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Computing

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What Computing looks like in Holmer C of E Academy

What a computing looks like in our school:

 

  • Computing is on the whole embedded within the curriculum

  • Some sessions are discrete and involve dedicated curriculum time. These typically involve understanding computers and networks and some elements of computer programming

  • Many of the core and foundation curriculum lessons involve an aspect of computing either as the main outcome or as the tool to enable a successful outcome for another subject

  • Computing skills are sometimes taught alongside other subject skills

  • Lessons involving computing are current, aim to enthuse the pupils and provide skills including problem solving which are adaptable across the wider curriculum

  • Independent use of iPads within classes to support individual learning needs is a common occurrence

  • E-safety is taught whenever online tools are being used, discretely through PSHE each half term and in response to the needs of the pupil and wider school community

     

This is our philosophy:

  • Children using creative skills to develop their learning and showcase their understanding

  • Children with problem solving skills including those for computer programming

  • Children with an understanding of how to stay safe online and use mobile technologies responsibly to engage in positive learning experiences using global resources

  • To provide children with transferable computing skills to enable them to tackle future developments in technology and handle change successfully

 

This is what we do:

  • The information technology strand of the curriculum is embedded across the curriculum

  • Discrete lessons cover the computer science aspect of the computing curriculum

  • Lessons are planned using the Herefordshire Computing Progression skills document as a guide for each year group

  • By the time the children leave Year 6, they are confident users of IT with transferable skills ready to use computing as a tool to support learning experiences across the curriculum

  • Each half term a PSHE/computing lesson is dedicated to developing e-safety awareness and to address the digital literacy element of the computing curriculum

 

This is what you might see:

  • A mash up of apps being used and/or selected by the pupils to investigate subjects, record their learning and demonstrate their knowledge and understanding of a topic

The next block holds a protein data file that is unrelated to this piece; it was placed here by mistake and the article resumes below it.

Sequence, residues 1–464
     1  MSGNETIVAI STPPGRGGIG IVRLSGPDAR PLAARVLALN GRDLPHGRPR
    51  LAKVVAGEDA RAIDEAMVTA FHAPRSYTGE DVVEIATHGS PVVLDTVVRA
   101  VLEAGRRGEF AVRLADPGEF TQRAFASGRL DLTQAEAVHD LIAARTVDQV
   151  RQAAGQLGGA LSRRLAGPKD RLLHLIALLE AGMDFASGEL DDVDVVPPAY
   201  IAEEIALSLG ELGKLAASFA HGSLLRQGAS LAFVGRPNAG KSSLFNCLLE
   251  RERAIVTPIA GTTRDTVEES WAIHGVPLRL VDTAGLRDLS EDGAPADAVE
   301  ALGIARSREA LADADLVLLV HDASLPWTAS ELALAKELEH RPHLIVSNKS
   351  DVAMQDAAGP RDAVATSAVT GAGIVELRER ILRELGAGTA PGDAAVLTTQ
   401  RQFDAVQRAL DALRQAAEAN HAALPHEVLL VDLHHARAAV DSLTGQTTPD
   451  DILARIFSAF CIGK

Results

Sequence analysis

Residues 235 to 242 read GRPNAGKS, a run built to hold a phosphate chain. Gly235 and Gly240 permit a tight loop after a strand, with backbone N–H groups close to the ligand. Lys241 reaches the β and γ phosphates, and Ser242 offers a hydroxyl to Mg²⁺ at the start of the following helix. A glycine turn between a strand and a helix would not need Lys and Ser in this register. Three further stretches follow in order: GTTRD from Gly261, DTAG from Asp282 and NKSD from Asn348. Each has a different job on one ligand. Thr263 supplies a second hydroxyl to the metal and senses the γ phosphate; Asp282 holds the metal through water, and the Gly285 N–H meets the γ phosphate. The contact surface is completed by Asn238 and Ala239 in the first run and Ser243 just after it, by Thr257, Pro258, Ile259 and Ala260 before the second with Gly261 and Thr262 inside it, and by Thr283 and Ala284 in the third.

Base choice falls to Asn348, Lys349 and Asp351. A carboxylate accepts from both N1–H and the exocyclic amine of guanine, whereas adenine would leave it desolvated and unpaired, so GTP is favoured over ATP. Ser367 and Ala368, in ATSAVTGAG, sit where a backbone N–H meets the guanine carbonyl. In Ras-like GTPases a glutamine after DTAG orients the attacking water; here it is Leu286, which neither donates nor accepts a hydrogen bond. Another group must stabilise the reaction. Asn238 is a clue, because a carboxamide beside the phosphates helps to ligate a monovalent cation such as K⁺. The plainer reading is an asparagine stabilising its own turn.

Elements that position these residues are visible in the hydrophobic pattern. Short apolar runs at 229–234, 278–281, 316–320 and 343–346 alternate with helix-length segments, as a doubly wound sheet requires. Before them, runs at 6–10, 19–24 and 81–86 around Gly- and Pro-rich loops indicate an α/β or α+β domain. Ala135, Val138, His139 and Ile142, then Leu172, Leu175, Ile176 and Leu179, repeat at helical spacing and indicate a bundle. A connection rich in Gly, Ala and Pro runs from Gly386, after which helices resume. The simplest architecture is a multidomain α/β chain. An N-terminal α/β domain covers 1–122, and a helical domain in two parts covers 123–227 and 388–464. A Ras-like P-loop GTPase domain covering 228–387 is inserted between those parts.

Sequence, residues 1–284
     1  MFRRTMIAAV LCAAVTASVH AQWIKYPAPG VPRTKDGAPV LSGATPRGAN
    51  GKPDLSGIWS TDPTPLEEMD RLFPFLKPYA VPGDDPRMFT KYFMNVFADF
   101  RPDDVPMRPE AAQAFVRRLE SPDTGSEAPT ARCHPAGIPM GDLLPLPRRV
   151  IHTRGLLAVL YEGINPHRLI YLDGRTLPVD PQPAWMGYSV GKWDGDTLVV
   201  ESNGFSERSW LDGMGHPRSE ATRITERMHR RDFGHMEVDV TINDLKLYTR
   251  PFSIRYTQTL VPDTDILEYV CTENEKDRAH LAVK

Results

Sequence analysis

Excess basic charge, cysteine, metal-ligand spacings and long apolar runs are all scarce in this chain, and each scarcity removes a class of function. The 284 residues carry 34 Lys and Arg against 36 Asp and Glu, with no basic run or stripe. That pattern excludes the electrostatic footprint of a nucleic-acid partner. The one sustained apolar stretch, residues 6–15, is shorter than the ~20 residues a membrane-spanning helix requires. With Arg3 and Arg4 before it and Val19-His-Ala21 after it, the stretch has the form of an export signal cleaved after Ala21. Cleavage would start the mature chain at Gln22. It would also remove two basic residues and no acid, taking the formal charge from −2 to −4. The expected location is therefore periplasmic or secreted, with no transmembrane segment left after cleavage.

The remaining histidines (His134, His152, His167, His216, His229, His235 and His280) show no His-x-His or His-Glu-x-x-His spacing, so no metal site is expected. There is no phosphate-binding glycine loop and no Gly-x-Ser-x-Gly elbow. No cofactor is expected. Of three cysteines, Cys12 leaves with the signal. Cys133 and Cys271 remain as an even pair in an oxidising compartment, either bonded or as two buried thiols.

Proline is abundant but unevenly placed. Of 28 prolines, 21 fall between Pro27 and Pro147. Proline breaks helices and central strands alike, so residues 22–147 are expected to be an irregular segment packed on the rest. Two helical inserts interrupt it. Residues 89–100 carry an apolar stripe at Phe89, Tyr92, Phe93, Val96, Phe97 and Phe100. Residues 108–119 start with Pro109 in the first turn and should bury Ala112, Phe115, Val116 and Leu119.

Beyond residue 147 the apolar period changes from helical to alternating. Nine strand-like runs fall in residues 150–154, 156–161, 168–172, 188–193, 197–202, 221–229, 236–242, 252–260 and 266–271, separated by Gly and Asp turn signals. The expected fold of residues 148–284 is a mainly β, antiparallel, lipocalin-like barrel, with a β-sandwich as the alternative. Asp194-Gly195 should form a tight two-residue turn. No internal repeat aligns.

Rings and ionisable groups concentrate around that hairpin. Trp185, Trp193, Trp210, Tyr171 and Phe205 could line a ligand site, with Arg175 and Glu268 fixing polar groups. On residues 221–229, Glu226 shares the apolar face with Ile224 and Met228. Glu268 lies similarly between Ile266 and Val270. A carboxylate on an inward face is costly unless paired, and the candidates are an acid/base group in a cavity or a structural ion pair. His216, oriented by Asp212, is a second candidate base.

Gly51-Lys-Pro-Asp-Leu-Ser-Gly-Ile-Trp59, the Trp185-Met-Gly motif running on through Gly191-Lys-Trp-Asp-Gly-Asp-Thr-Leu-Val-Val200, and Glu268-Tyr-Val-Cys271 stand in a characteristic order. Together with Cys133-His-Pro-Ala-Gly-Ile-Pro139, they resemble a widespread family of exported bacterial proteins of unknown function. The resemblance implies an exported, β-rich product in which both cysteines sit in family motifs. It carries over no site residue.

• Children posing questions for research

  • Children problem solving and being enthusiastic learners

  • Children exploring the capabilities of different apps and software for an intended purpose

  • Use of a iPads, laptops, video recording equipment, drones, Sphero, BeeBot, green screen technology, virtual reality technology and augmented reality technology

  • Children exploring different sources of information using QR codes or creating their own to showcase their work

  • Digital Leaders sharing their skills with classes, teachers and pupils or attending events in Herefordshire to pass on their knowledge and enthusiasm for computing

  • Twitter and the school website being used to highlight the learning taking place in computing

 

This is how we know our pupils are doing well:

  • Lessons are planned based on computing skills which are specific for each year group

  • Feedback by teacher and peers

  • Photographic and video evidence

  • Displays of work with classes and around school

  • At the end of each half term, skills are highlighted according to whether a child has demonstrated that they have met a skill

  • Assessment tracked at the end of each half term and entered onto an internal recording system

 

This is the impact of our teaching:

  • Children who are passionate by the use of information technology

  • Inquisitive learners

  • Reflective learners

  • Problem solvers

  • Children who are able to challenge themselves

  • Children willing to demonstrate their skills and understanding of computing

  • Children who are prepared to share what they’ve learnt in a variety of ways

  • Children who are able to advocate safe use of online technologies to promote inclusion, diversity and a quest for knowledge whilst being aware of how to keep safe and report concerns

 

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